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TABLE OF CONTENTS.
402–431. Pensions and relief.
469–491. Public defense.
492–497. Public lands..
545–565. Soldiers' Home...
COMPILATION OF WAR LAWS OF THE VARIOUS STATES
AND INSULAR POSSESSIONS.
1. General provisions. Any and all acts passed before a notary public and two witnesses in the District of Columbia or any State of the United States other than Louisiana, or in foreign countries before any commissioned officer of the Army or Navy of the United States of America serving therein, shall be authentic acts and shall have the same force and effect as if passed before a notary public in Louisiana.
Louisiana, Acts 1918, No. 192, p. 363. 2. General provisions.-Affidavits and commissions to take depositions of any person without this Commonwealth, engaged in the military service of the United States, may be executed before any officer in said service above the rank of lieutenant, and of any person in naval service before an officer above the rank of ensign. Deeds of such persons may be taken before similar officers. All such instruments shall be received in evidence or for any other purpose as if taken before a commissioner of this Commonwealth.
Massachusetts, Gen. Acts 1917, ch. 342, secs. 13, 14. 3. General provisions.-Any person enlisted or employed in the military or naval service of the United States, and being outside the State, may acknowledge instruments affecting property in this State before any officer of the United States Army or Navy, which officer shall certify thereto under his official signature and further certify that the person so acknowledging was at the time employed in such military or naval service, either as an enlisted man or in some other capacity therein named.
Minnesota, Gen. Stat. 1913, sec. 5749. 4. General provisions.-Acknowledgments and proofs of deeds, if within the States comprising the Empire of Germany or within the Kingdom of Italy, may be made before a judge of a court of record under the seal of such court, or before a notary public under the seal of his office, and the seal of the city or town in which such notary resides.
New York, Laws 1915, ch. 28.
5. General provisions. If the party or parties executing conveyance of real estate shall be certified by the officer taking the acknowledgment or proof to be enlisted or commissioned in the military or naval forces of the United States of America, either within or without the United States, the same may be acknowledged or proved before: An officer of the United States Regular Army, or volunteer service, or National Army, or National Guard, or Marine Corps, of the rank of captain or higher, or officers of the United States Navy or Navy Aviation Corps of the rank of lieutenant or higher. Such officer shall state his rank, the name of the city, or other political division or country, or place where taken, and that the party or parties executing such conveyance are enlisted or commissioned and engaged in military or naval duties. The fact that the officer before whom such acknowledgment was taken was duly commissioned and acting as such at the time shall be certified by the Secretary of War or Navy of the United States or the officer in such department having charge of the record of commissions of officers.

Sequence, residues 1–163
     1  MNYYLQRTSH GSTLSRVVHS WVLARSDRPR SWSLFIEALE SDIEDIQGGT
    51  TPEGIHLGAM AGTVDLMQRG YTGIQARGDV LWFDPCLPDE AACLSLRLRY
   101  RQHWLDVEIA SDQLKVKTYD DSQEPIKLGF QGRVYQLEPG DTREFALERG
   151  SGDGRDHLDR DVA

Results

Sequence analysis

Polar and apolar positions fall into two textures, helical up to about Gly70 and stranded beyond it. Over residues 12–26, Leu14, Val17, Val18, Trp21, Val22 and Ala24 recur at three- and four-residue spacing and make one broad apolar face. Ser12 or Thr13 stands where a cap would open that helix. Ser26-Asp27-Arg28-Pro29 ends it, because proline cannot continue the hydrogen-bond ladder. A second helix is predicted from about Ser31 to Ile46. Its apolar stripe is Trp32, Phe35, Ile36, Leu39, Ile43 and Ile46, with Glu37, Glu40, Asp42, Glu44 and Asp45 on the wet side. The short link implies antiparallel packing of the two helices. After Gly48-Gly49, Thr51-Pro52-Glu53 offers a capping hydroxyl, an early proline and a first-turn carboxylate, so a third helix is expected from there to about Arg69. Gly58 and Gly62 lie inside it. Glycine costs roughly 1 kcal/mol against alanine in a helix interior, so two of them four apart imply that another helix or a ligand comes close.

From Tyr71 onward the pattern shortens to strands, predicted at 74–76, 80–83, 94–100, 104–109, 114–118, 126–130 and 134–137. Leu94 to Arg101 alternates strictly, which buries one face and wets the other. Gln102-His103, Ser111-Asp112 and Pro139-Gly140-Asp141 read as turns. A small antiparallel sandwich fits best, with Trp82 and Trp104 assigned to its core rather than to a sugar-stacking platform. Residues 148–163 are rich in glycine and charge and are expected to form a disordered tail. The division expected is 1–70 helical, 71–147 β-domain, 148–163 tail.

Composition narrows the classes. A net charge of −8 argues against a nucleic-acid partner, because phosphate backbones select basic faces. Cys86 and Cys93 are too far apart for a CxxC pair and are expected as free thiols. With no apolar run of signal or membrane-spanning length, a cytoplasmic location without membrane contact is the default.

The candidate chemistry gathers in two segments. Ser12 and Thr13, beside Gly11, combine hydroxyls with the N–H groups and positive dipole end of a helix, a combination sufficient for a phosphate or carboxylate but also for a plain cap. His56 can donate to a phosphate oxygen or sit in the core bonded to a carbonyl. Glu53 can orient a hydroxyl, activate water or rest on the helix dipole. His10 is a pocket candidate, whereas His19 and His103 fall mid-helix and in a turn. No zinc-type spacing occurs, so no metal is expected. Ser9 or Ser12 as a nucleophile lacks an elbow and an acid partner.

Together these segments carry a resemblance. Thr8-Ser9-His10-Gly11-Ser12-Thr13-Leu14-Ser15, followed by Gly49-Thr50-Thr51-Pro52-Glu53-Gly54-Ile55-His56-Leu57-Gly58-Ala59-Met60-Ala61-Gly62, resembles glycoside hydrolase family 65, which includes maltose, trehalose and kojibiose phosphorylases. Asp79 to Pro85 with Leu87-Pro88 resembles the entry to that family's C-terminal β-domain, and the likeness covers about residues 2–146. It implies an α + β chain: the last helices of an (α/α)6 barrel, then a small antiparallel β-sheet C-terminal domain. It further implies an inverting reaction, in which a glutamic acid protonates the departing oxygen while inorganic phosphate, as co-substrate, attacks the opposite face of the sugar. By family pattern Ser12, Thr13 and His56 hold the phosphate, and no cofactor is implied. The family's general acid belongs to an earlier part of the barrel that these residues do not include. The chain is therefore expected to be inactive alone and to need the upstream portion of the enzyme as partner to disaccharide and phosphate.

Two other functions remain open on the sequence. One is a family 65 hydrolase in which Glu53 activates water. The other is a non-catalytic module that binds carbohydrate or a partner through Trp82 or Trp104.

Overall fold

New York, Laws 1918, ch. 116. 6. General provisions.-Acknowledgment of any instrument may be made within or without the limits of this State by any person in the military or naval service of the United States before any colonel, lieutenant colonel, or major in the Army, or before any officer in the Navy not below the grade of lieutenant commander.
Rhode Island, Gen. Laws 1909, ch. 253, sec. 8 (4), 7. Notaries public to be stationed at camps.—The governor shall appoint notaries public to reside at the different military posts in this State, who shall be vested with the same powers conferred on such by law.
New Mexico, Stat. 1915, sec. 3925. 8. Validity of certificates without official seals.--All certificates of acknowledgments to deeds and other writings made and certified before officials in foreign countries, whereon they failed to affix their official seals, shall be held valid, because it is impossible to have said certificates corrected by said officials while a state of war exists in said countries.
Virginia, Acts 1918, ch. 54, p. 108.